Monday, 5 November 2007

Gordon's vision

Through the murk, a pattern of sorts is beginning to emerge of what the Bottler grandly calls his 'vision'.

Leave aside that for over 10 years he was a key member of the Blair government, indeed claimed to have been the real power behind the throne, the brooding presence whose approval was required for every initiative. Leave aside, too, that having actively schemed against Tony Blair throughout this same period, it might not have been a bad idea to have had at least the outline of a plan in place for what he would do when given the keys to No. 10.

In fact, once complacently confirmed as prime minister, Blair finally dispatched, none of this seemed to matter. All that counted was that the Master Plan, presumably honed over 10 years of ever more bitter resentment, could now be unveiled.

As it turned out, to begin with it was enough for the Bottler merely to look grave for the new mood to be set, one the media was curiously credulous in playing up to. Brown the sage statesman, the enemy of spin, was accordingly ushered onto the stage. If the applause was hushed, it was only because it was so obviously awed.

Underlying this was the belief that the Bottler was not only spin-averse where Blair was a spin junkie but that, the possessor of the biggest brain in British politics, he was hugely formidable. We waited to be stunned by the master strategist, Bismarck reborn, playing a brilliantly far-sighted game whose ultimate success would become clear only as the last piece on the board was moved and his opponents reeled, hands clamped to foreheads, their worst fears realised.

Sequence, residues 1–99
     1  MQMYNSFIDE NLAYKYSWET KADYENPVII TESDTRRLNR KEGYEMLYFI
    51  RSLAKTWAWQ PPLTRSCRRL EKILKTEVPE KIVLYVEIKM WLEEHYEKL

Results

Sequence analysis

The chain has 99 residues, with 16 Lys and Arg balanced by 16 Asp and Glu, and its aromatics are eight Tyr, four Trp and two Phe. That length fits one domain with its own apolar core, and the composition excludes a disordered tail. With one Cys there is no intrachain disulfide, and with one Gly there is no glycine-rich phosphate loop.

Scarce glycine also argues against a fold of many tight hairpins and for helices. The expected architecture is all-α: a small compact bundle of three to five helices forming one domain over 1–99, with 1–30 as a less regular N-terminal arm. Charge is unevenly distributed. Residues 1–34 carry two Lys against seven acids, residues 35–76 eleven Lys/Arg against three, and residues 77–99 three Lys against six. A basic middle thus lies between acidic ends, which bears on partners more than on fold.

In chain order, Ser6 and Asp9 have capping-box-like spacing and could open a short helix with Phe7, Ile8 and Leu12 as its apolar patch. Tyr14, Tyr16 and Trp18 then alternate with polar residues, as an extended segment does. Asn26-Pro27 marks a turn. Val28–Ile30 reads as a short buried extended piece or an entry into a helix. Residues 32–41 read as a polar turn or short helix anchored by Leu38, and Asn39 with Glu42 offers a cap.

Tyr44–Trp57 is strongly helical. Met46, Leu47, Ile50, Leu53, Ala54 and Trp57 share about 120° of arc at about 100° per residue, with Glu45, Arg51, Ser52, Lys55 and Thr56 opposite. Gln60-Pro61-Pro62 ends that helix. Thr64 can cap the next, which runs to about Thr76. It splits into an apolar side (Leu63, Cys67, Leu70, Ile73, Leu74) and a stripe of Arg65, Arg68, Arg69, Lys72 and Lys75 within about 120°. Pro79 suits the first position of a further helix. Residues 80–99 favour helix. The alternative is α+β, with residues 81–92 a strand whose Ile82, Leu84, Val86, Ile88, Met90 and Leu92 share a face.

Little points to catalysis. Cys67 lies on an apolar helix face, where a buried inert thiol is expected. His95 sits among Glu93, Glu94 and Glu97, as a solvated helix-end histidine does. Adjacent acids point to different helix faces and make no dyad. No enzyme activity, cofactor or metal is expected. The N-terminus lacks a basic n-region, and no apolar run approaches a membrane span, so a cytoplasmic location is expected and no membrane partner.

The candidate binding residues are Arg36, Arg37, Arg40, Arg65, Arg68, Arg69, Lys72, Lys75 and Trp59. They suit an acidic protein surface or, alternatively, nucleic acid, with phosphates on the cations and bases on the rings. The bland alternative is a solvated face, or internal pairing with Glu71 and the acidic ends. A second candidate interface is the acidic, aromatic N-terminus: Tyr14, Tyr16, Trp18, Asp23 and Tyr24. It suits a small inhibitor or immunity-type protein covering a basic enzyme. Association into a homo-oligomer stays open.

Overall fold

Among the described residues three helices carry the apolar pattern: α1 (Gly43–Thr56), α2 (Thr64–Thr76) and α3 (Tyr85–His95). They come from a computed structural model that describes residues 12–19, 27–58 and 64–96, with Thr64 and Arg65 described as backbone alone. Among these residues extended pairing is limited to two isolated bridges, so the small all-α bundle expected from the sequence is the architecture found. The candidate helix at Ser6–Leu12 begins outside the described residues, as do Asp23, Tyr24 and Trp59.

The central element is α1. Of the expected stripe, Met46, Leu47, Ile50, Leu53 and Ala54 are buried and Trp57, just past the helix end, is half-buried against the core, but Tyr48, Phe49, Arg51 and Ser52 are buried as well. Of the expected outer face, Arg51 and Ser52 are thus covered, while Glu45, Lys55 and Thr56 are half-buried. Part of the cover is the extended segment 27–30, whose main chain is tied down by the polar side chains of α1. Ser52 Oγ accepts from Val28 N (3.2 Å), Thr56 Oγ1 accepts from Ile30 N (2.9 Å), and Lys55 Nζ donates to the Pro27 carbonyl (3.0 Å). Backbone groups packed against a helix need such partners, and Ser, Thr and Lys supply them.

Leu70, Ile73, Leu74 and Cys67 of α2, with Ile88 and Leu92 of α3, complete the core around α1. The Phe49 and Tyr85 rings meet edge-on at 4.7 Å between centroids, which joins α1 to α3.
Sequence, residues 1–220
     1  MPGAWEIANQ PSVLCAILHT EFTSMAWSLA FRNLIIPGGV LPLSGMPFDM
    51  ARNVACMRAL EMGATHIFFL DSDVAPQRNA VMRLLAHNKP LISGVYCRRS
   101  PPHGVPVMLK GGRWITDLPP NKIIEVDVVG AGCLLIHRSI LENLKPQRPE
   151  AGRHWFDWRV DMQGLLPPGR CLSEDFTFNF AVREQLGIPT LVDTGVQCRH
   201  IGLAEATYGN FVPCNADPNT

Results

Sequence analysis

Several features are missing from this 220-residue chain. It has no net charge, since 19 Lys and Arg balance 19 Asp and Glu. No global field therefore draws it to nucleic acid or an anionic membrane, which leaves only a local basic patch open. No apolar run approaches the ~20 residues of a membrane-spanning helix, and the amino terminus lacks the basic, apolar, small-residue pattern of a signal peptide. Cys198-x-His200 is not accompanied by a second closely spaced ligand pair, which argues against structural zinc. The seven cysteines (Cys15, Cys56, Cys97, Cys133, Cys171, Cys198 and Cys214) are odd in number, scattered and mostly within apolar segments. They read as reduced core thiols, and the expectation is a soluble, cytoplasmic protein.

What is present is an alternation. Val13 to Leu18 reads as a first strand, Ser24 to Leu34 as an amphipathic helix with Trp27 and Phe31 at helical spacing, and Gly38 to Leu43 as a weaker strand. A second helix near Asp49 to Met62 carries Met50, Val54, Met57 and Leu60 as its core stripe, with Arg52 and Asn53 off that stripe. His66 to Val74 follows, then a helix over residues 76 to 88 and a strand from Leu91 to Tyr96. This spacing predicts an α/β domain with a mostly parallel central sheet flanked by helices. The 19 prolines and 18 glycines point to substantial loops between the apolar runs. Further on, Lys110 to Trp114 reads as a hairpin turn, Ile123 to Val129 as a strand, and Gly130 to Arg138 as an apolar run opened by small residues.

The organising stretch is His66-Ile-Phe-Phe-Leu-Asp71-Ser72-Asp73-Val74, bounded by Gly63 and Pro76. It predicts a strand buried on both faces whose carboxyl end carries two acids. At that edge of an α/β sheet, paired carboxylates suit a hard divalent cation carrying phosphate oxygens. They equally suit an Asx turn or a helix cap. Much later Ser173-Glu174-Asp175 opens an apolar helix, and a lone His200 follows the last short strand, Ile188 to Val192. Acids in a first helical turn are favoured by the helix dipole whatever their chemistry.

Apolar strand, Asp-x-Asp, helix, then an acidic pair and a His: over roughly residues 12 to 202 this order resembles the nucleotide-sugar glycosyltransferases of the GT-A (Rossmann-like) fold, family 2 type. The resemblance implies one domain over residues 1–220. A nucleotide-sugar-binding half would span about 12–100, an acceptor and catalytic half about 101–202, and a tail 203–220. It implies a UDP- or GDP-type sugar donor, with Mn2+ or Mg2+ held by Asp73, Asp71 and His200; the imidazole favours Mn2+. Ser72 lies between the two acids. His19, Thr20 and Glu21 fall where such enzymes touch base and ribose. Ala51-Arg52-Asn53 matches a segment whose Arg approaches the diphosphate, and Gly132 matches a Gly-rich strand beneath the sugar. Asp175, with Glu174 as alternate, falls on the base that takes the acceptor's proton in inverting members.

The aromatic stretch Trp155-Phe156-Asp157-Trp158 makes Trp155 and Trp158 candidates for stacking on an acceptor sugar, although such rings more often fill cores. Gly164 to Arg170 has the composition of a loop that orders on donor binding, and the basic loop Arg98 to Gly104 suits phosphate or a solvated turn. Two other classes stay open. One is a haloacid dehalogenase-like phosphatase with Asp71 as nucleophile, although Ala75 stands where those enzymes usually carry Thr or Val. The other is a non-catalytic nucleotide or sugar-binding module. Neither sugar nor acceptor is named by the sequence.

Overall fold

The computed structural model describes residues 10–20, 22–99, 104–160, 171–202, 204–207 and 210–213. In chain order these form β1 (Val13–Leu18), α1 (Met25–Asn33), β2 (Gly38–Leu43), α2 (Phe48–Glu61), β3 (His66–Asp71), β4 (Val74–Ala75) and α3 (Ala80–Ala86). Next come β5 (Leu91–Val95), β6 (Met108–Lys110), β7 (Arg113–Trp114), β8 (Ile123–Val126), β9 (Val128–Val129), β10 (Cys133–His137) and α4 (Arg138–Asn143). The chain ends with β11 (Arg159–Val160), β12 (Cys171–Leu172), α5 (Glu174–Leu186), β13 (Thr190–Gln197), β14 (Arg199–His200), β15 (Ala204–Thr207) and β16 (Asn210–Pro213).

Please. Don't believe a word of this. The longer he infests No. 10, the more blindingly obvious it becomes he hasn't got a clue. Not a single one. His sole goal is to remain in Downing Street for as long as he can. He is obsessed with the thought that he must at least beat Heath's four and a half years as PM. (To his bitter chagrin, Blair's 10-plus years are clearly beyond reach.) Policies are accordingly to be hacked around with a single purpose: to limit damage and to gain whatever short-term advantage may be on offer. No media opportunity can be passed up. Simultaneously, ever-more desperate efforts are made to suggest that he is the real heir not just of Thatcher but of Churchill, the personification of the stout-hearted, freedom-loving Briton.

In short, there is no vision.

It is fear that drives the Bottler. Fear that he will be exposed as insecure, grasping and bullying. Above all, fear that he will be exposed as a man with nothing to offer.

It's not vision, it's paranoia.

It will end in the most spectacular bout of blubbing perhaps ever seen in British politics, one that will make Thatcher's passing seem positively commonplace.

I almost feel sorry for him.

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